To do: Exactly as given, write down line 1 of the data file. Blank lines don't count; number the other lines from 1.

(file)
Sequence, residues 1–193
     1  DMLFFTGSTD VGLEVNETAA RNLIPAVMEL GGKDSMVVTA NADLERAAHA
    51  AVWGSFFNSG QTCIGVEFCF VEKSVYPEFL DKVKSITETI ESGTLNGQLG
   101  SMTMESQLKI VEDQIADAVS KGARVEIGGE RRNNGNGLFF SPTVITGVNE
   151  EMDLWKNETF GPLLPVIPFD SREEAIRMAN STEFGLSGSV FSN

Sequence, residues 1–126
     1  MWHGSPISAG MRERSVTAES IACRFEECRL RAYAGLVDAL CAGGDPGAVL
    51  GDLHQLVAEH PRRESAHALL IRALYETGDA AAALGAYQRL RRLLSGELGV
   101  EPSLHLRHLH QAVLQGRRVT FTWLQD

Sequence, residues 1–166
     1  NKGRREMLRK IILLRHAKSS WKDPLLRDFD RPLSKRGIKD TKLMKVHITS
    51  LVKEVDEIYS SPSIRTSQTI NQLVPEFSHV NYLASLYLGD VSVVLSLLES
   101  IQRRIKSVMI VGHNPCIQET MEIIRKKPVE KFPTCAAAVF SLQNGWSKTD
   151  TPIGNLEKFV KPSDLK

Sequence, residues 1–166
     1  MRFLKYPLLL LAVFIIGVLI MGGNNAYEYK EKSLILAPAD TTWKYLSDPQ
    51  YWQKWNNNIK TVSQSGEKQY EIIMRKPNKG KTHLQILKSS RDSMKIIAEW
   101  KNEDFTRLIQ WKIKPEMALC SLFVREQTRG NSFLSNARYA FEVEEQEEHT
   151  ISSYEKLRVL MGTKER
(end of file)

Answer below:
Sequence, residues 1–193